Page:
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Marwari horses: India's ancient breed comes back to life

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The tips of their ears point toward each other and are sometimes compared to the inward curving arms of an ancient lyre, as well as the fierce warrior Rajput's handlebar mustaches if they were turned on their thick, bushy ends. These ears are the famous trademark of the dancing and warrior horses, whose history dates back to the early 12th century in the Marwar region in the state of Rajasthan, India.

Having been a horsewoman all my life - training and showing America's oldest breed, the Morgan horse, with its relatively modest 200-year history - when I read about the Marwari, I knew that during our upcoming visit to India, I had to meet some of these beautiful creatures and learn more about them. Most tourists go to India to visit the Taj Mahal, sail on the Ganges, climb to the Red Fort on an elephant, and perhaps have an Ayurvedic massage. Yes, I wanted to do all that, but, as usual in my travels, I needed to get off the beaten track a bit, in this case to a horse farm.

When I learned that a stud farm claiming to have the purest original blood line of Marwari horses was just on the outskirts of Udaipur, I made arrangements to visit it. Living on his ancestral estate, the owner Maharaj Narendra Singh Mewar is a descendant of a royal family that dates back into 1,500 years of Indian history.
Of course, en route, we would explore Udaipur, sometimes described as the Venice of the East with its fairytale-like Lake Pichola and floating white marble confection of a hotel, the Lake Palace. If it was good enough for James Bond and Octopussy, we wanted to give it a try. So off we sailed in a 120-year-old barge, strewn with rose petals, refreshed with chilled champagne and orange juice and shaded from the burning sun with a fringed umbrella held by a mustachioed and turbaned attendant.

Later, it was difficult to leave our opulent suite of rooms overlooking the lake, but we managed to do so in order to dine at the rooftop restaurant on lobster bisque, pate, lamb shank, duck breast, accompanied by a fine Indian wine. The reflection of the illuminated and majestic 17th century City Palace, across from us on the mainland, shimmered on the lake. While visiting the City Palace earlier that day, paintings of Marwari horses on the walls, as well as several living ones in their stalls on display for visitors, each with its own electric fan and personal attendant, made me think about tomorrow's visit to the horse farm.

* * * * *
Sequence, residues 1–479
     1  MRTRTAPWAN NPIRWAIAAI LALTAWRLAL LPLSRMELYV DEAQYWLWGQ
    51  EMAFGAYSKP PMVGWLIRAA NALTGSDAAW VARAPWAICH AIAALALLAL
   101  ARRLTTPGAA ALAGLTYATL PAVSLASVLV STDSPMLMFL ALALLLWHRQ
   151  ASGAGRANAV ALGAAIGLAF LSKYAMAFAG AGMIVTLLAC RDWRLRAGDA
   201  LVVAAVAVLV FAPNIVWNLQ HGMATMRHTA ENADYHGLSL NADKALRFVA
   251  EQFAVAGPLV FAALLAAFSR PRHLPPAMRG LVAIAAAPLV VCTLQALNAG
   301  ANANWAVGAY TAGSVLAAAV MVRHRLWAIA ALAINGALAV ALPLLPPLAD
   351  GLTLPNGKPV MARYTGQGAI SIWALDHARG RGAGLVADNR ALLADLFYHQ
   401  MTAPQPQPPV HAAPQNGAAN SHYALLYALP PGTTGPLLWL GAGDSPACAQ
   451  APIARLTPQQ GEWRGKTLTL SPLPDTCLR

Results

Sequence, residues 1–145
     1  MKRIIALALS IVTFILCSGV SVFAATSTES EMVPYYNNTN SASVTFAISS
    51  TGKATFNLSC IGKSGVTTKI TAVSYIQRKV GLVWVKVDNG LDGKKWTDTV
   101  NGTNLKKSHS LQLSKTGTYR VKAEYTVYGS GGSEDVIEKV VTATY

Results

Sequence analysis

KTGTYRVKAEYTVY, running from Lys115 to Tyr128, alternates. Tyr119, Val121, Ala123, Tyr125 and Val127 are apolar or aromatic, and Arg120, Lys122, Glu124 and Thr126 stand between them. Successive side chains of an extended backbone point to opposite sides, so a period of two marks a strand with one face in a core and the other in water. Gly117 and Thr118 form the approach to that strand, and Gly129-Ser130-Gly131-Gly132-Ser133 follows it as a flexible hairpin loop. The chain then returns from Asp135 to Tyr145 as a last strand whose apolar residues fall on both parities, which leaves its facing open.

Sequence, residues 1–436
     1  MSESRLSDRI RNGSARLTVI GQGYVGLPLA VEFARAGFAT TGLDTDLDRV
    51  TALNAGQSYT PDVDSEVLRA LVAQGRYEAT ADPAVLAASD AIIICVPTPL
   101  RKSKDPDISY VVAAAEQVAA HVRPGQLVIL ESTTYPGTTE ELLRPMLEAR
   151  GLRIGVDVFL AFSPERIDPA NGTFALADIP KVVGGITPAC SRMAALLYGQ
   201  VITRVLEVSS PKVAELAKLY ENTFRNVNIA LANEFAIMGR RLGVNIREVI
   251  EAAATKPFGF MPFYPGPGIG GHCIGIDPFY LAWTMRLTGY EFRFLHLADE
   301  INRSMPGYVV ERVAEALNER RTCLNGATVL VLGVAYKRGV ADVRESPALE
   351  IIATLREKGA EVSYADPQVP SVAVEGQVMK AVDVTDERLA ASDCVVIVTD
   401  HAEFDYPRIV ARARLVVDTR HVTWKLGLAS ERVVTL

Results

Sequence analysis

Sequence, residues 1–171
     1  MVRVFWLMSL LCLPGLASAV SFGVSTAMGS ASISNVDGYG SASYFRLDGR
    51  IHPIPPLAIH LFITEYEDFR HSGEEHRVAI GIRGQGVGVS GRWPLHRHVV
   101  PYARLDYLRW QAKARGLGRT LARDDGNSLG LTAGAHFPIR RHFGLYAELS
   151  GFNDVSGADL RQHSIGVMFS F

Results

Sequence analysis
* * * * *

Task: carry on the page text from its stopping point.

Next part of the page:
Early the following morning, we traveled to the outskirts of Udaipur and up the long driveway to the Pratap Country Inn, A Royal Resort, as Maharaj Narendra Singh Mewar's ancestral home is now called. We entered this former hunting lodge of the royal family. Decorating the walls throughout the entrance hall were photos of the many famous visitors from over the years, including horsewoman Jacqueline Kennedy.

Singh, an elderly but robust man, casually dressed, exuding the dignity befitting his ancestry, sat in his living room surrounded by several large dogs and cages of exotic birds, beside a bank of windows overlooking horse paddocks. After some preliminary introductions, he invited us outside to view the horses. Soon we were treated to a succession of purebred Marwaris parading before us, from a nine-month-old bay filly to the patriarch, the 24-year-old jet-black stallion, Sultan.

While feasting our eyes on these very lively descendants, the Maharaj entertained us with tales of the breed's history, as well as their dedication and agility.